Mount Denali is an elusive monster. She is so large that she creates her own weather system. In addition to the fact that the Alaska Mountain Range is where the cool arctic air mixes with the warmer air from the south. This can cause rapidly changing weather.
For much of the summer, Mount Denali is covered by low clouds which block the view of the summit from the ground. This results in most ground tours both in the park and out of the park cannot see the mountain. It is possible for people in the park to not see the mountain while those in Fairbanks or Anchorage can see the mountain above the clouds.
Bus drives and train operations report only seeing the mountain about 1 in 3 days during the summer. It is reported that between 30-40% of visitors to Alaska have the honor of seeing Denali.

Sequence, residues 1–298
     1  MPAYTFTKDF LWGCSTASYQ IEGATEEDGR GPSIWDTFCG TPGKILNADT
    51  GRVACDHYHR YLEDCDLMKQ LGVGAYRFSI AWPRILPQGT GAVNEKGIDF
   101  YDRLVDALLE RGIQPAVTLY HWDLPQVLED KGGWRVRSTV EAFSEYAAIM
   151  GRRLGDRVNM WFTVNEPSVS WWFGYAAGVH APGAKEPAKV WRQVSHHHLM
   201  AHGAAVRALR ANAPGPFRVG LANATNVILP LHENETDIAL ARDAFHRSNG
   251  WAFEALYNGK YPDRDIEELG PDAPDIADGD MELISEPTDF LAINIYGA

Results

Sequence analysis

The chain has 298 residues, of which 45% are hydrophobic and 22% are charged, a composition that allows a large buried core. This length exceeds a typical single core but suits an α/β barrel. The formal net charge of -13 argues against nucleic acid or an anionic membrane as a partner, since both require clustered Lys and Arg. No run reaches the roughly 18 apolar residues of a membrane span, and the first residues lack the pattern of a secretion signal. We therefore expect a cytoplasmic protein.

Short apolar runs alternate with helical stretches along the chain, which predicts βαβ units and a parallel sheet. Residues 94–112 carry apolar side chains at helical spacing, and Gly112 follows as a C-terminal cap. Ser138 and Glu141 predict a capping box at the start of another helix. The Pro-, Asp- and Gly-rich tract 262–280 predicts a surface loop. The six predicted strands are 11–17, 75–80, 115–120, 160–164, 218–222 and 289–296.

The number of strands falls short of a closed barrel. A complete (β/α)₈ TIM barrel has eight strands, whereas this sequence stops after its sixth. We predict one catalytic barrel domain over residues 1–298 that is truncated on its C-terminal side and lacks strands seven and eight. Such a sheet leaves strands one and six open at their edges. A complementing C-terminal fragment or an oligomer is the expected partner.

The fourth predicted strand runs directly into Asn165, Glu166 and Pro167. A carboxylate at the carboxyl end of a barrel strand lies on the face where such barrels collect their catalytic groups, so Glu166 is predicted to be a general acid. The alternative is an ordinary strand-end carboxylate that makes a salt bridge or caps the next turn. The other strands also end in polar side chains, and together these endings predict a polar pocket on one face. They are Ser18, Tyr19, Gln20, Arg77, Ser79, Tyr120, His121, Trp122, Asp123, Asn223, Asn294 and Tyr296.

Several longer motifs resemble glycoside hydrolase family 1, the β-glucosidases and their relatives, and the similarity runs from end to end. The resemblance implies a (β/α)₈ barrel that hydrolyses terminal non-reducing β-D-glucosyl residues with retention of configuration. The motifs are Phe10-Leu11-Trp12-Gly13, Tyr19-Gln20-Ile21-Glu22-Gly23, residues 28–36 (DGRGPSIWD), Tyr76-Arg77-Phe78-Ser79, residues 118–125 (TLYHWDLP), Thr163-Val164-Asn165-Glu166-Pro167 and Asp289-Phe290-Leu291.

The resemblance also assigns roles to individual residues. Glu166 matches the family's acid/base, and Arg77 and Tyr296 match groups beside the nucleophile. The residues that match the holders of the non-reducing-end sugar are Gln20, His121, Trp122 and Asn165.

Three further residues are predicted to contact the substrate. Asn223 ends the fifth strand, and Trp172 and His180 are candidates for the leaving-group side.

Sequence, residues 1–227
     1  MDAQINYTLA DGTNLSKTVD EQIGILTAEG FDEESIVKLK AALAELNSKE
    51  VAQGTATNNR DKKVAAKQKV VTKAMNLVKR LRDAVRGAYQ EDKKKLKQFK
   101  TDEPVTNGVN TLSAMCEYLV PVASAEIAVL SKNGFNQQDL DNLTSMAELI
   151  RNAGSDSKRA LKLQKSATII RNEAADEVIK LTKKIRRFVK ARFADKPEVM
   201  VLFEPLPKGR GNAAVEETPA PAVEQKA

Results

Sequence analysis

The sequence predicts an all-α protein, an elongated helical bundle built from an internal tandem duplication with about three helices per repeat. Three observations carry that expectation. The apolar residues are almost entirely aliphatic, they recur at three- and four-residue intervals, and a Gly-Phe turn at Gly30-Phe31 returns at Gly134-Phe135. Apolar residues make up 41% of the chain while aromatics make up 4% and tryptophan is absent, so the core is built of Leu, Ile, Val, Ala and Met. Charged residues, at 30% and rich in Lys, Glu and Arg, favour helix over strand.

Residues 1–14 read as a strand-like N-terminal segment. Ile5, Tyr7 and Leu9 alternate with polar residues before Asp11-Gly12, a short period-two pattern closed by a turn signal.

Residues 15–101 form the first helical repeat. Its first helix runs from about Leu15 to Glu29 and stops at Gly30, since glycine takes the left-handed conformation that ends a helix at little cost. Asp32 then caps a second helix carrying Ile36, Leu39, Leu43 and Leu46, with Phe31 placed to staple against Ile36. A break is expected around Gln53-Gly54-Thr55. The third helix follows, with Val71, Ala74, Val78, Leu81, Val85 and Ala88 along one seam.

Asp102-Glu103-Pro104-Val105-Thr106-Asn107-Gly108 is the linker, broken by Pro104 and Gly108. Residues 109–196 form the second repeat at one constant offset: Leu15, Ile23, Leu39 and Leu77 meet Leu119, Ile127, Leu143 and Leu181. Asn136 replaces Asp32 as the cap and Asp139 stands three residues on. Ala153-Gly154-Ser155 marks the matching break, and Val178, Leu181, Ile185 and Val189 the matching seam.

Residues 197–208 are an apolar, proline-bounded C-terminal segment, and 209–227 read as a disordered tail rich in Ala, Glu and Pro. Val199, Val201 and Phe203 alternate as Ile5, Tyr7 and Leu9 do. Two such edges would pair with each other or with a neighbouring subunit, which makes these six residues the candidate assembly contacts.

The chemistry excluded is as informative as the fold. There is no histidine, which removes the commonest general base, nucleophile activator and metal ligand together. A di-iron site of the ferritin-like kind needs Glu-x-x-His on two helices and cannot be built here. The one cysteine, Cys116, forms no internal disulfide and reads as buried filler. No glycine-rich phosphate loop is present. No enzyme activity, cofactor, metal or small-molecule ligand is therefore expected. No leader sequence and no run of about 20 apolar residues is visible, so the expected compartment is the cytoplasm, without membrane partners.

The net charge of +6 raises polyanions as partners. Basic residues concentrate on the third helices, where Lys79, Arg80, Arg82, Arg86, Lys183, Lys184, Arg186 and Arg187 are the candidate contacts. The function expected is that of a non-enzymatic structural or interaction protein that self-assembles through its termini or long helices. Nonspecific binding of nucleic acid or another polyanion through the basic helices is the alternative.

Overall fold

The best way to increase your chances of seeing Denali is with a flightseeing tour.
The Northern Lights can be seen in Denali National Park and Preserve.
The Alaskan Aurora Borealis is something special. The shows are regularly magical. There is a big but coming. Alaska is the land of extremes. From May to August, much of Alaska has 19 plus hours of sunlight. The exact amount depends on the latitude. Denali sees about 70 days of 22 hours of sunlight and then 2 hours of twilight.
To see the Northern Lights, one needs complete darkness. SO during the summer, the sky never get’s dark enough to see the northern lights.
If you would like to see the northern lights in Alaska, you have to come sometime between September and April. The best viewing is in the heart of winter, but they can be seen at anytime the sky is dark and cloudless.
Denali has the highest job satisfaction of its park employees.